This debate was fueled further when Greens MP Stephen Bate asked the Prime Minister during question time whether he could guarantee that a climate trigger would not be included in the Government’s Nature Positive reform plan, to which Anthony Albanese responded: “No”[iv], putting him at odds with the environment minister who said the government was not considering it. The Business Council of Australia responded to the Prime Minister’s comment, saying they are concerned the government is about to drop its “iron-clad agreement” to not include a climate trigger in the reforms.[v]

What are both sides saying?

The arguments for adding a climate trigger to the EPBC Act are straight-forward – climate change is the most significant environmental issue in society and a trigger will help ensure business projects align with Australia’s emissions reduction commitments under the Paris Agreement. Further, it can improve the effectiveness of avoidance or mitigation measures the project is proposing relating to impacts on national protection matters under a range of specified climate change scenarios.[vi]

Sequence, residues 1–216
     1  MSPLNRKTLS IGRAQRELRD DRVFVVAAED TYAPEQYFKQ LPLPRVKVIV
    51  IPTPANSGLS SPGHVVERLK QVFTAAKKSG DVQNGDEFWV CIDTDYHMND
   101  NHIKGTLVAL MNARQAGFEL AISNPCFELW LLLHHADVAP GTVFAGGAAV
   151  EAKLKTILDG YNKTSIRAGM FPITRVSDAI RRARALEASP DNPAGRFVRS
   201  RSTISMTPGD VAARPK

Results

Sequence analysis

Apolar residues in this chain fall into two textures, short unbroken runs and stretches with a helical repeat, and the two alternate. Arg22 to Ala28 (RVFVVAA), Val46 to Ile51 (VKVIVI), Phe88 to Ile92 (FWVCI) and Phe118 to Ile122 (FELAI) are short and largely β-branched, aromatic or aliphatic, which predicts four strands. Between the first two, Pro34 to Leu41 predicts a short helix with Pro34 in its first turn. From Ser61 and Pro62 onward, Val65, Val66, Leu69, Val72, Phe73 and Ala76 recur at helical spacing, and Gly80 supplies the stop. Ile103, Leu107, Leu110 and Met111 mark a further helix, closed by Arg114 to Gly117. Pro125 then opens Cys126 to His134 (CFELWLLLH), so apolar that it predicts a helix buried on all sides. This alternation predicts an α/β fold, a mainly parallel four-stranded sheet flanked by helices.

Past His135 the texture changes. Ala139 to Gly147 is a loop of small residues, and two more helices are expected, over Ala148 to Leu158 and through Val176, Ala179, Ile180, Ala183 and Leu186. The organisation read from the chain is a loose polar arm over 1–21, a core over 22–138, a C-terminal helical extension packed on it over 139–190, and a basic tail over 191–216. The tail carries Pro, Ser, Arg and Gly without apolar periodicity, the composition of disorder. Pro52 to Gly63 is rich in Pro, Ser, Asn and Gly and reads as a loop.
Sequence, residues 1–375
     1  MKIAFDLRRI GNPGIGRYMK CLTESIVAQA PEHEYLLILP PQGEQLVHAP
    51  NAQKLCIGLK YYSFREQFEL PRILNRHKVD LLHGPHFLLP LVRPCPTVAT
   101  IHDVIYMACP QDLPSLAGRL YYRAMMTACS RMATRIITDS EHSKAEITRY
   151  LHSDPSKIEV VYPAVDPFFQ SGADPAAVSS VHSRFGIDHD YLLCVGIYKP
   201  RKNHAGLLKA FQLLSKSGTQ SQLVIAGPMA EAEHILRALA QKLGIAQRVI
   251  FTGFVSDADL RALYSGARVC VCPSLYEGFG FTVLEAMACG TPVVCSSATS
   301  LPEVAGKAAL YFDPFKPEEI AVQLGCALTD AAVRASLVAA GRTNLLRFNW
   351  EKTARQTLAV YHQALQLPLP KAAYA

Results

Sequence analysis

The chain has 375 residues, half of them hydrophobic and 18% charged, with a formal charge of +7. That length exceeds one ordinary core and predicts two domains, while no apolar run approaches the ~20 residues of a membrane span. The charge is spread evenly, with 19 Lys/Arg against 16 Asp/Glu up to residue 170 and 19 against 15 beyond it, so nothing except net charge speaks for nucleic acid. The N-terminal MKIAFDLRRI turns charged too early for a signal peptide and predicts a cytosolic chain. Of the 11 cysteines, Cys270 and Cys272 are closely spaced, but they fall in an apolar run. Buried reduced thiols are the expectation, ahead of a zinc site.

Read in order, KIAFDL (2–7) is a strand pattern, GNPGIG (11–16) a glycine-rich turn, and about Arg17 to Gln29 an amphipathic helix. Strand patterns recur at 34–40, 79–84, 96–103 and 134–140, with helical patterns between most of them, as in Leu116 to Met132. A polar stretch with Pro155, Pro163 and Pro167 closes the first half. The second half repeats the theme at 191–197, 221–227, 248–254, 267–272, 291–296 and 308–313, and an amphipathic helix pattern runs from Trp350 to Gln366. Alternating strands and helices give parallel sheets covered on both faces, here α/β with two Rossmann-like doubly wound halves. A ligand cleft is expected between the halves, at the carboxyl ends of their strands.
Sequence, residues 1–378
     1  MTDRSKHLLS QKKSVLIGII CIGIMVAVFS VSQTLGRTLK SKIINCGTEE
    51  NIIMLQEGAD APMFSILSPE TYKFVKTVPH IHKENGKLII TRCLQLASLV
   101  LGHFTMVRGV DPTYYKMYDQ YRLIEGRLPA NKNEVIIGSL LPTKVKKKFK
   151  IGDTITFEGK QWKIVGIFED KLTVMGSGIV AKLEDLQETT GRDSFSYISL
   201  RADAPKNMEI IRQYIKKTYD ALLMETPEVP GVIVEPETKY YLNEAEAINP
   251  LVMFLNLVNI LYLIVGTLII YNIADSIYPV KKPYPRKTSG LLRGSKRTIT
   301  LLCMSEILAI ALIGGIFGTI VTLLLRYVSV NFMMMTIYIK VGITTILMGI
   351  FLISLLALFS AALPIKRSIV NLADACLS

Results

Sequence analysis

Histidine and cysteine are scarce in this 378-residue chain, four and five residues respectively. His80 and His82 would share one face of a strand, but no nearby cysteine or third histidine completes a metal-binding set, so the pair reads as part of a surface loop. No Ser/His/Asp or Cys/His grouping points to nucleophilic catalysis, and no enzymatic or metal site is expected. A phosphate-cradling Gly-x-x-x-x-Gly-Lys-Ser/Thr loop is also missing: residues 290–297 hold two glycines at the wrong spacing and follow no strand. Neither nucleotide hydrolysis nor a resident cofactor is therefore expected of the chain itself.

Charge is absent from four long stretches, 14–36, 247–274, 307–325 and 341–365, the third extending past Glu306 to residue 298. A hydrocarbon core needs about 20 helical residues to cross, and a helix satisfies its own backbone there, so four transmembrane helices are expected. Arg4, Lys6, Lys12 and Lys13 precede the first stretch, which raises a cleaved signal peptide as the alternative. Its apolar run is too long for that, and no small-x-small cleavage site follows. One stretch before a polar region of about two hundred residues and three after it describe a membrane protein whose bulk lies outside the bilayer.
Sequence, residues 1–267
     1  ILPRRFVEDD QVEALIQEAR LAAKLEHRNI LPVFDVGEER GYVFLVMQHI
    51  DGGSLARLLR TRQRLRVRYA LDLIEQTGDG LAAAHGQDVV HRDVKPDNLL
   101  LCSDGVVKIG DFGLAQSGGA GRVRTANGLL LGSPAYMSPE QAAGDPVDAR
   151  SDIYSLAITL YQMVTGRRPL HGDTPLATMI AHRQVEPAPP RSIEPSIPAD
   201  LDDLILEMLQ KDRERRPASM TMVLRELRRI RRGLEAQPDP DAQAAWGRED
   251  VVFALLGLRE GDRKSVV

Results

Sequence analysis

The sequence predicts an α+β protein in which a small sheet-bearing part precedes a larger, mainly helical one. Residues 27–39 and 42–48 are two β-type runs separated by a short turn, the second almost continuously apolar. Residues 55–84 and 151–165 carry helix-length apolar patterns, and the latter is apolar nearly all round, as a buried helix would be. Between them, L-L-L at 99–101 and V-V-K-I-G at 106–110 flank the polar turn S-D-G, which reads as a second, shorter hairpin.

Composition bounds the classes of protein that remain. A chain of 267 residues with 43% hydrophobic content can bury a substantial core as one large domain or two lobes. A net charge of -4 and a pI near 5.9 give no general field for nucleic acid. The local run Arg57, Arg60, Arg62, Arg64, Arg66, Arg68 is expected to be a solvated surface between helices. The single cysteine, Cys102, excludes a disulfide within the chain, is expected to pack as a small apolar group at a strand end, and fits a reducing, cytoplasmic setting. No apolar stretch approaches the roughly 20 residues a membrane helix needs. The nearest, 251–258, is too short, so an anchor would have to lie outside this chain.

Currently, fossil fuel projects are almost 50 per cent less likely to be referred to the EPBC compared with renewable projects, with 109 renewable projects being referred in the past two years as opposed to 72 for mining. This is because the high carbon emissions output of fossil fuel projects does not directly breach any of the MNES.  

In a submission to the Senate Committee on the Greens Climate Trigger Amendment, the Australia Institute said a climate trigger could “play the crucial and necessary role of stopping any new high-polluting facilities,”[vii] while the Trust for Nature argued it would ensure the “impacts of climate change on biodiversity are capable to being a triggering process … in accordance with international climate goals and national commitments.”

Conversely, there are some reasons why a climate trigger may not be the best response to limiting emissions. Referral to the EPBC Act is a significant time sink for new projects, with the Independent Review finding the average assessment and approval time to be near 1,000 days (see figure below). Aside from the economic impacts of project delay, some of these resource projects are needed to source the minerals for Australia to reach net-zero.